Despite all these important developments, almost all the above mentioned simulations have been performed using the so-called pseudo-Newtonian potential (Paczyński & Wiita, 1980) which mimics the Schwarzschild spacetime. This potential retains the particle properties of the Schwarzschild geometry in the sense that the marginally bound and marginally stable orbits are located at exactly the same places as in GR. However, several properties in the strong gravity limit just outside of the horizon are not retained with precision. For instance, the energy released at the marginally stable orbit, or the velocity of matter on the horizon are different. Thus, though the results were satisfactory, it was difficult to judge if any of the effects observed were artefacts of the potential. Fortunately, even in general relativistic (GR) framework, in Kerr spacetime, such shocks have been shown to exist (C90; Chakrabarti 1996b, hereafter C96b). And it became clearer that the shocks in black hole accretion are indeed possible only because of the presence of the inner sonic point between the marginally bound and marginally stable orbits where strong gravity is important. Strong gravity forces the flow to have an inner sonic point. Most importantly in accretion flow configurations, the solution passing through the inner sonic point has higher entropy than that passing through the outer sonic point. So the flow generates entropy at the shock and then passes through the inner sonic point. The location of the sonic point is the closest indicator of a stable fluid (unlike the marginally stable orbit, which is the closest indicator for a particle trajectory). Thus there are all the more reasons to verify these results using a full relativistic framework. In this work, we perform a general relativistic simulation of the sub-Keplerian flow in Schwarzschild spacetime. To our knowledge, no numerical experiment has so far been performed which tests the possibility of a stable CENBOL formation in general relativity.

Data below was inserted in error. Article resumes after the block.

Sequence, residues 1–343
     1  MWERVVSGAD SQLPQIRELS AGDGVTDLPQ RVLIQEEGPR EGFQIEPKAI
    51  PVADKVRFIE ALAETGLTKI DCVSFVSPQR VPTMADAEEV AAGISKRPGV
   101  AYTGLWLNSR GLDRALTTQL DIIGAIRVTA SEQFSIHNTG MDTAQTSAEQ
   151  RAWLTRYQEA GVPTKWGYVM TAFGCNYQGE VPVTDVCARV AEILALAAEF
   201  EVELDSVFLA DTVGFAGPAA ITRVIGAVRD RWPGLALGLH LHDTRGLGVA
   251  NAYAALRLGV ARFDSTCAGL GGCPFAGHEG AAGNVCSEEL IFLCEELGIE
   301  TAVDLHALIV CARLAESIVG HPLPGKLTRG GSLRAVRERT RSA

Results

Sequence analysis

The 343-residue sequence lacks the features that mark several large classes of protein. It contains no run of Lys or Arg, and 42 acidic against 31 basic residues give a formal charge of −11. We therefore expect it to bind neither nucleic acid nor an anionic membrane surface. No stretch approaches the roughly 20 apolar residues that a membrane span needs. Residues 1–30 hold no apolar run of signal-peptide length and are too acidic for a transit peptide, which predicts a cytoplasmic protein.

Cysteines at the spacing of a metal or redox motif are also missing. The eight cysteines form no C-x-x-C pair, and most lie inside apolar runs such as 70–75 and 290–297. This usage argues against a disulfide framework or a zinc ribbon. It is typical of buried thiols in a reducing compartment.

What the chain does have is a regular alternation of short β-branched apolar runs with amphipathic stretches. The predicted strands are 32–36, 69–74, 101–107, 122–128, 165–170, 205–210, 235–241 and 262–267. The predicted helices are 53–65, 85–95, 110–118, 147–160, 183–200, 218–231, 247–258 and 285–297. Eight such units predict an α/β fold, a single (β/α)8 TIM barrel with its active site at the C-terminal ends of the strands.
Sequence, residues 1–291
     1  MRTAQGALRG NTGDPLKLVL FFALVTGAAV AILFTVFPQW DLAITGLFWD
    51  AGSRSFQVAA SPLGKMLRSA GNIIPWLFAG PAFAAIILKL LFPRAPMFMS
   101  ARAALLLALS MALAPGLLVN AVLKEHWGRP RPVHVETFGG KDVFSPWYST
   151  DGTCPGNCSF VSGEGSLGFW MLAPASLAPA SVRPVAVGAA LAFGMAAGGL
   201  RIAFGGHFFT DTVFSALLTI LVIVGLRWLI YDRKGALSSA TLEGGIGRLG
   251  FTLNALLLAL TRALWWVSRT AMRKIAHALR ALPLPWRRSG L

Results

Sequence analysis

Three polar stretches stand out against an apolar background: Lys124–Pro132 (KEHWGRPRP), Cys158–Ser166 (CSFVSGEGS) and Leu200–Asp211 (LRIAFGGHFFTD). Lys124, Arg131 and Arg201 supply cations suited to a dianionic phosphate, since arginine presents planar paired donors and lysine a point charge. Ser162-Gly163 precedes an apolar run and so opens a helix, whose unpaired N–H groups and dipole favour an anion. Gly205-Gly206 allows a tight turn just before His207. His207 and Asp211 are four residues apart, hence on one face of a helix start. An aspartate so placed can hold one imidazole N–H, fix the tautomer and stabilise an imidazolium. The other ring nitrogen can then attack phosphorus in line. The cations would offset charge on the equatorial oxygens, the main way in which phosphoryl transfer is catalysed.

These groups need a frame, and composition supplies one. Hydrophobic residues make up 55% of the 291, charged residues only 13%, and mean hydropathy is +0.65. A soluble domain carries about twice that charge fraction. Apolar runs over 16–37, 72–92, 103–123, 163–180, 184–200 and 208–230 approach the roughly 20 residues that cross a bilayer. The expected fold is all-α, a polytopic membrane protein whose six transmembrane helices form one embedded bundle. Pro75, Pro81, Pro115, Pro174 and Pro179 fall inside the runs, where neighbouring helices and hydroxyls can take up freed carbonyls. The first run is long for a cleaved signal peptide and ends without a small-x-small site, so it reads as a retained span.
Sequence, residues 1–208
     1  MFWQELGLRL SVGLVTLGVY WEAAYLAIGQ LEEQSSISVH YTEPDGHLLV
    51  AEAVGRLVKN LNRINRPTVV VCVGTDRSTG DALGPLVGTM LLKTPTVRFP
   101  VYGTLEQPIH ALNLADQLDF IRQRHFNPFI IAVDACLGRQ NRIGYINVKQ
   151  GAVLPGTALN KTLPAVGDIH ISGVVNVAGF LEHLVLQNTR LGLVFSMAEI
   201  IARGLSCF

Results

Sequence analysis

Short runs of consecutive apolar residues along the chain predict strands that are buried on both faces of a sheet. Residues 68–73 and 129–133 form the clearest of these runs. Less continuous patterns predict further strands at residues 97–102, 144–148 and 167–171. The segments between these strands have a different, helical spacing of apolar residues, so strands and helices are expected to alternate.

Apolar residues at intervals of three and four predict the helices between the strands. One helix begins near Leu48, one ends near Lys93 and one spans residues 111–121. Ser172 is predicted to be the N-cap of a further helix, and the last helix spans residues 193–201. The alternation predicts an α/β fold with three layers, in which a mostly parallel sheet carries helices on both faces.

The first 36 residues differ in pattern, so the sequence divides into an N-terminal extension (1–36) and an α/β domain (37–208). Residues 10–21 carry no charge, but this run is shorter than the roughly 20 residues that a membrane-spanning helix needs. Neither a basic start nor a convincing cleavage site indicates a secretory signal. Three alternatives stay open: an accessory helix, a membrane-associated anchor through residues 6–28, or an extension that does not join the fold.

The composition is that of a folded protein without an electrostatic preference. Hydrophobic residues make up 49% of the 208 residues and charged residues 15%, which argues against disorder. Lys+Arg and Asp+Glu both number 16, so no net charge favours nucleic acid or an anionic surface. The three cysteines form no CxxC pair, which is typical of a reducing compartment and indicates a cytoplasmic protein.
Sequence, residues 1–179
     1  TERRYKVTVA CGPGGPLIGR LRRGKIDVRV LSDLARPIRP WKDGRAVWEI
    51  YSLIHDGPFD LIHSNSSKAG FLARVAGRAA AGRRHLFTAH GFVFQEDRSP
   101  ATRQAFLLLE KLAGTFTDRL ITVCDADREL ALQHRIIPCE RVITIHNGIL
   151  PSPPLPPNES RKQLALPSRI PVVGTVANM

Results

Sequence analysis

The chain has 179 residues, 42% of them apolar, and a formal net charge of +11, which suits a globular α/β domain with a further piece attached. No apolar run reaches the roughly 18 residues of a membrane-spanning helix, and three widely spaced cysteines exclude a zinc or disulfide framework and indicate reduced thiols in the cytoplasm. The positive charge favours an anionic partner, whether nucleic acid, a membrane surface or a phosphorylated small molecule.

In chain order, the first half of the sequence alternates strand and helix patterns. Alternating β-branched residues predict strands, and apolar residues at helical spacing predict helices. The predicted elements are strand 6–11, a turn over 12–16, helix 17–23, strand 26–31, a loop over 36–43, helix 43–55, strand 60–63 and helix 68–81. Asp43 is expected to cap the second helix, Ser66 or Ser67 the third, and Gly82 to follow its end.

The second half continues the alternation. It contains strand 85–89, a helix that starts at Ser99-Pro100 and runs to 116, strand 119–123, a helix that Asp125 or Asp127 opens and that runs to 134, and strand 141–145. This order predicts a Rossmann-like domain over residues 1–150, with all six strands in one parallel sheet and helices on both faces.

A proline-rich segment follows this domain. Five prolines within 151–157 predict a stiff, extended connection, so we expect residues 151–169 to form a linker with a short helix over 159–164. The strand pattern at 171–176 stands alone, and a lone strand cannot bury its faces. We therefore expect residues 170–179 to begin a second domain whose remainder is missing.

This paper is organized as follows. In Section 2, we present the analytical method to calculate the one-dimensional flow properties in Schwarzschild spacetime. In Section 3, we present the general relativistic equations which are solved numerically and the numerical procedure we use for doing this. In the next Section, we present the results for one and two dimensional simulations. Finally, we present our conclusions.

In this paper, we choose as the unit of distance, as unit of angular momentum, and as unit of time. In addition, we choose the geometric units ( is gravitational constant, is the mass of the black hole and is the unit of light). Thus , and angular momentum and time are measured in dimensionless units.

2 Analytical Solution

The general relativistic study of transonic flows has been done extensively by Chakrabarti (\al@chakraba1990,chakraba1996b; \al@chakraba1990,chakraba1996b). Therefore, we do not describe all the details here. However, for completeness, we only mention the important equations for Schwarzschild spacetime.

For this calculation, we use Boyer-Lindquist coordinates (). The line element in Schwarzschild spacetime is given as follows,


We are interested in the flow close to the equatorial plane, so is assumed for analytical study.

In absence of viscosity and any heating or cooling, one can find the conserved specific energy as (C96b)


where, is the polytropic index, being the adiabatic index and is the enthalpy, being the sound speed. Also,




and is the specific angular momentum. Also,




The entropy accretion rate (\al@chakraba1989,chakraba1996b; \al@chakraba1989,chakraba1996b) is given by


We follow the usual solution procedures use in transonic flows (\al@chakraba1989,chakraba1990; \al@chakraba1989,chakraba1990) to calculate and radial dependence of other required quantities. By differentiating equations (2) and (7) with respect to and eliminating terms involving , we find following expression as the gradient of :